"Our findings are part of a much broader research agenda in which we are elucidating the ways in which mitochondrial genomes have shaped our evolutionary past and present. What we are finding is that natural variation in this diminutive genome results in a huge range of effects on metabolism, mating behaviour and reproductive biology, including male fertility," Dr Dowling said.

"At the outset of our research program, we suspected that the evolutionary significance of the mitochondria had probably been underestimated by scientists that have come before us, but even we have been continually surprised by the magnitude and ubiquity of the effects that we have uncovered.

"We suspect that this genome still harbours many more secrets awaiting discovery," Dr Dowling said.

Monash University


Related Life Expectancy Current Events and Life Expectancy News Articles


Research identifies best treatment for blood pressure in diabetic kidney disease
Blood pressure lowering drugs do not improve life expectancy among adults with diabetes and kidney disease, a new study of the global evidence published today in The Lancet reveals.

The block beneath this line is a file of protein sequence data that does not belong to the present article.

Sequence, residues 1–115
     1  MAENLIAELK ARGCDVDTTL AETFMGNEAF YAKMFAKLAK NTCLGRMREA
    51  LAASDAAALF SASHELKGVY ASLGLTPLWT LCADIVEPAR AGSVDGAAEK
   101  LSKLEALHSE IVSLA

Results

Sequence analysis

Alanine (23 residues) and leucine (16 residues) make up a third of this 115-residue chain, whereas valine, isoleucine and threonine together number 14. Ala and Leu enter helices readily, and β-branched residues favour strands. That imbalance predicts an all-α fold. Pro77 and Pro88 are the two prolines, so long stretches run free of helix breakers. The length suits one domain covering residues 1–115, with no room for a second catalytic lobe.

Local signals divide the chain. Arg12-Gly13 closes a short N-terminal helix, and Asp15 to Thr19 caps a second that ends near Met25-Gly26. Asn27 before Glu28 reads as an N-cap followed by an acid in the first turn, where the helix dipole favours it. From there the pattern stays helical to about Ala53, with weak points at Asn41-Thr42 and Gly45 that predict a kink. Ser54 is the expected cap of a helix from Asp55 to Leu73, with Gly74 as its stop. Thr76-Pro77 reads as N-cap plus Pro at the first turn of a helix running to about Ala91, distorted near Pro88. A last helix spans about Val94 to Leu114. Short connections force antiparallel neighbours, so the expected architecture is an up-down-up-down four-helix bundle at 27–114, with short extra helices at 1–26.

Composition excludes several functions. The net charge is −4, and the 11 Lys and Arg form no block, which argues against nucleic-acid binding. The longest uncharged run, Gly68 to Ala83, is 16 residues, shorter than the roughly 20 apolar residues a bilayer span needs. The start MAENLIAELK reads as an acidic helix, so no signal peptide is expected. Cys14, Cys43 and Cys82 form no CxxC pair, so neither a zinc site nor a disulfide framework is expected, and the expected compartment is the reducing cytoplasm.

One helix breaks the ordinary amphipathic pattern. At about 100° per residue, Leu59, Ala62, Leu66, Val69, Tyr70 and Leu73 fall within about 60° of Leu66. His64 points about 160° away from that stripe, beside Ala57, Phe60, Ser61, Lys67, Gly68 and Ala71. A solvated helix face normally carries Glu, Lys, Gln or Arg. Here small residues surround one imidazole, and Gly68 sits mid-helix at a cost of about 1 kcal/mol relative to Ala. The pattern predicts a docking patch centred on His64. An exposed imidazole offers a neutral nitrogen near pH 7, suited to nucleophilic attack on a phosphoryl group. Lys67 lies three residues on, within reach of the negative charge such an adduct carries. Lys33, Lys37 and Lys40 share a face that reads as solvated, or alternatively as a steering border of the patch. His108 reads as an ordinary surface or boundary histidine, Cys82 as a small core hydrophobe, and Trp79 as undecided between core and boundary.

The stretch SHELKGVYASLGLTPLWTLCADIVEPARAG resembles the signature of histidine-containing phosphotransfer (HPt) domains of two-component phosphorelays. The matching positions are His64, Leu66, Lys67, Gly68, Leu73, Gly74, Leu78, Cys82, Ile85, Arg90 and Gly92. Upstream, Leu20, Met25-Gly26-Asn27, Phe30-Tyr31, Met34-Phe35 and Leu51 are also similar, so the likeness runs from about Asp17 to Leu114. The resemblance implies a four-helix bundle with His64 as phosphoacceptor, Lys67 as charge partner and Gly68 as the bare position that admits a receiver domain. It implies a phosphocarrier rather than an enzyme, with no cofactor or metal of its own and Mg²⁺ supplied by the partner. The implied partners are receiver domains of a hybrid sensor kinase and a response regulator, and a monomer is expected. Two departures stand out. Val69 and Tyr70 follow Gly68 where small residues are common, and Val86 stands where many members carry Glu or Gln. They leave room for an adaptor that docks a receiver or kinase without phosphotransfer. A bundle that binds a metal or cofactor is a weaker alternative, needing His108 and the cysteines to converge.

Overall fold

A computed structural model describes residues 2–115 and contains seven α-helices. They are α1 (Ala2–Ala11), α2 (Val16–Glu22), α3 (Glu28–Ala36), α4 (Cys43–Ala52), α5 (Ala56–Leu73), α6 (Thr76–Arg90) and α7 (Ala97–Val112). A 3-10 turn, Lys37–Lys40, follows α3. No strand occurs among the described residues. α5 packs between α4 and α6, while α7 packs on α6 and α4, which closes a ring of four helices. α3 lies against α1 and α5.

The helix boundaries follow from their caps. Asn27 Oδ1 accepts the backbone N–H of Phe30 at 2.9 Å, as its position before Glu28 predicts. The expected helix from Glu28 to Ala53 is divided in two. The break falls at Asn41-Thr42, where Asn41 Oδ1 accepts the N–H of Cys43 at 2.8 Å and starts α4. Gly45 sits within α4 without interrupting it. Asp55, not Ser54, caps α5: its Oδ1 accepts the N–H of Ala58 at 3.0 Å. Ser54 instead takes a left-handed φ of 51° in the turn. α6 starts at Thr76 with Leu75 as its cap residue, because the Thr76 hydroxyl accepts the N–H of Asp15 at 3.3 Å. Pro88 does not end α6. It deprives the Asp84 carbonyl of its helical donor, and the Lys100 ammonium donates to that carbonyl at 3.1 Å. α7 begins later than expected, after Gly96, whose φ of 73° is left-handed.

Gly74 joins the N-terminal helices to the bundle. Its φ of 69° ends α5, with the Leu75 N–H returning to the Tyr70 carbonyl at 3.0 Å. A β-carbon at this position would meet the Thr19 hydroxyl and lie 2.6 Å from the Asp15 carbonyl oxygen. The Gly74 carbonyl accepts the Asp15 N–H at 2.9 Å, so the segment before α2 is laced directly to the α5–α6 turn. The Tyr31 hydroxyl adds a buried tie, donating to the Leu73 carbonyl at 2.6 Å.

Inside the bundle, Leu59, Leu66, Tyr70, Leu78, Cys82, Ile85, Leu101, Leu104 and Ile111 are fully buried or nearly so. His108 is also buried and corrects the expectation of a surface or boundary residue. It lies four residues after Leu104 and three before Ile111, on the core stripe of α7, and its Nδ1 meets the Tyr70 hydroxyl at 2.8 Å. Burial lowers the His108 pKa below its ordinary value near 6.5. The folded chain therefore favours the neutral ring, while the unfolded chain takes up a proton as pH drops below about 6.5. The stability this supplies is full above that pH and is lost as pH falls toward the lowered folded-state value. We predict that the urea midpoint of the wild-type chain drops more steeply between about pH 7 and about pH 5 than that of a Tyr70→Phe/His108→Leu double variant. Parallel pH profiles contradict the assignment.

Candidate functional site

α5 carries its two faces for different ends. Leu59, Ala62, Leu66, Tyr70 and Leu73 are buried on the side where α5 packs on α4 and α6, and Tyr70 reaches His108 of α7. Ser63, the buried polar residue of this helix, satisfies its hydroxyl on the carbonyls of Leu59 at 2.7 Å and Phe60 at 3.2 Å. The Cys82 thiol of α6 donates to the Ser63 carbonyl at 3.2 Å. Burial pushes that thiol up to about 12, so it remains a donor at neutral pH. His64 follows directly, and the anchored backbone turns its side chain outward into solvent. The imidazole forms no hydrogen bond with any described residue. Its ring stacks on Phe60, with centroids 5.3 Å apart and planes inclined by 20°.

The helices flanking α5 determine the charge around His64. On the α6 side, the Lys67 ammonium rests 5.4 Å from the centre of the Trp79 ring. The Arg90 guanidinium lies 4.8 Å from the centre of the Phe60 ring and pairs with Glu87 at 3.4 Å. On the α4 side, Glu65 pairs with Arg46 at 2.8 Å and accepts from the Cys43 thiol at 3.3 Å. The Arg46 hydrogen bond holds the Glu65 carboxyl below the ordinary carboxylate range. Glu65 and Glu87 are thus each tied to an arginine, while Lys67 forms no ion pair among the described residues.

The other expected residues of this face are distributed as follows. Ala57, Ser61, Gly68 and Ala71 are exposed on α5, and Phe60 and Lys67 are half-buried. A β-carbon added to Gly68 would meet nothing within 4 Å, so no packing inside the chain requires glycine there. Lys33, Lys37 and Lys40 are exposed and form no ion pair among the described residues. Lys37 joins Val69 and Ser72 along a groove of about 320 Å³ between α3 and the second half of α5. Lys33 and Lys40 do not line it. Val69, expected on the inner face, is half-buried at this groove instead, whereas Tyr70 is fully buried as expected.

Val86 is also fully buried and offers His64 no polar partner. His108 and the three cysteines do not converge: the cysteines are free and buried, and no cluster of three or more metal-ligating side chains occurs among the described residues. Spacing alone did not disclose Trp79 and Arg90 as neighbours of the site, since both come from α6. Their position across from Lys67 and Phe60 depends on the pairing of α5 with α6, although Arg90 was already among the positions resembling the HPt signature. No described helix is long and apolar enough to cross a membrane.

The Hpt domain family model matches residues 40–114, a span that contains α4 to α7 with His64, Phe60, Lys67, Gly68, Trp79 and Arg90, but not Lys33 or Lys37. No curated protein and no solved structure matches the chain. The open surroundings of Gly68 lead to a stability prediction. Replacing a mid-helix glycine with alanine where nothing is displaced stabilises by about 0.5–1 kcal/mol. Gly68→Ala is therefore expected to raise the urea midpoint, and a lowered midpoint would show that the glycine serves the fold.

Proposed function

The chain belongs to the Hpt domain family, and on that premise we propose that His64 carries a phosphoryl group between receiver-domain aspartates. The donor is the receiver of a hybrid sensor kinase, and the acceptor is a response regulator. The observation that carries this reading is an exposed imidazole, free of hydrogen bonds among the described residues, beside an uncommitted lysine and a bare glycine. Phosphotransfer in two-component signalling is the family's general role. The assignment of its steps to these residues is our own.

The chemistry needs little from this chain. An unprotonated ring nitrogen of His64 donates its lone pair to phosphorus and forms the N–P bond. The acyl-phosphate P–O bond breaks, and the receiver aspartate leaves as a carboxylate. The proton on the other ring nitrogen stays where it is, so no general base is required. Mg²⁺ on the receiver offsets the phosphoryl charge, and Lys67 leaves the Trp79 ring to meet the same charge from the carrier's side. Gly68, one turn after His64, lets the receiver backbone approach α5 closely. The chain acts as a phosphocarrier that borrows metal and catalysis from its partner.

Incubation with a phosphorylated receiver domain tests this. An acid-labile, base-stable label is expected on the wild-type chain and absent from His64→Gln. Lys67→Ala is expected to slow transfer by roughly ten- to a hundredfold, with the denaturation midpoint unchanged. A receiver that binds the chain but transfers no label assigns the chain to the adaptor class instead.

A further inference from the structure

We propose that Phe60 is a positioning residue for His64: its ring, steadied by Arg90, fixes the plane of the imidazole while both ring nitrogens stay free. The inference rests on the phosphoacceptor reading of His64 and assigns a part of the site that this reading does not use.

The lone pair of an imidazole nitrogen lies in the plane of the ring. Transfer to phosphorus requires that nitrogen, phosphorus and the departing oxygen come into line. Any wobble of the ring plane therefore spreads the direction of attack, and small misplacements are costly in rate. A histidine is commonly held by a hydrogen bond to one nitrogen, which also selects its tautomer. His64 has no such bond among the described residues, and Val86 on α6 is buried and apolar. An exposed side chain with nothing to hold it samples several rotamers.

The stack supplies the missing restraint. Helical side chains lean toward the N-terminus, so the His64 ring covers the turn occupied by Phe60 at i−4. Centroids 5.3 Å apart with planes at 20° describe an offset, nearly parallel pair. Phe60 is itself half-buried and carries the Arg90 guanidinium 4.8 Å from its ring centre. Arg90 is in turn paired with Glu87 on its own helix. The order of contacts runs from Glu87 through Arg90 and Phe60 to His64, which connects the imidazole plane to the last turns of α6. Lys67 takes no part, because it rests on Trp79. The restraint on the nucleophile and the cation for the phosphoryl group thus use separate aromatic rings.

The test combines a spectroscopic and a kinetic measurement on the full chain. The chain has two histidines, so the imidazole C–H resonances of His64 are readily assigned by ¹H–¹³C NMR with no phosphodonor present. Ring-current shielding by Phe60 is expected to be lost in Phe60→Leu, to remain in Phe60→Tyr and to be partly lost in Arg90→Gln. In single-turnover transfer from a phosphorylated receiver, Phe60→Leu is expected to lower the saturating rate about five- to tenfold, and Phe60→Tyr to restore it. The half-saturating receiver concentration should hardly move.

Studies examine prevalence of amyloid among adults and its link with cognitive impairment
Two studies in the May 19 issue of JAMA analyze the prevalence of the plaque amyloid among adults of varying ages, with and without dementia, and its association with cognitive impairment.

Groundbreaking treatment for patients with cystic fibrosis
Treatment with two medications that target the most common genetic cause of cystic fibrosis improves lung function and lowers the rate of pulmonary exacerbations, according to the results from a Phase III international clinical trial published online in the New England Journal of Medicine on May 17, 2015.

Aging baby boomers, childless and unmarried, at risk of becoming 'elder orphans'
With an aging Baby Boomer population and increasing numbers of childless and unmarried seniors, nearly one-quarter of Americans over age 65 are currently or at risk to become "elder orphans," a vulnerable group requiring greater awareness and advocacy efforts, according to new research by a North Shore-LIJ geriatrician and palliative care physician.

Exercise, however modest, found progressively beneficial to the elderly
Even exercise of short duration and low intensity has life expectancy benefits for the elderly. Such conclusions have been well examined in the general population, where a recommended exercise program of 30 minutes at least five days a week (or 150 minutes per week) has been shown to reduce the average risk of death by 30 percent.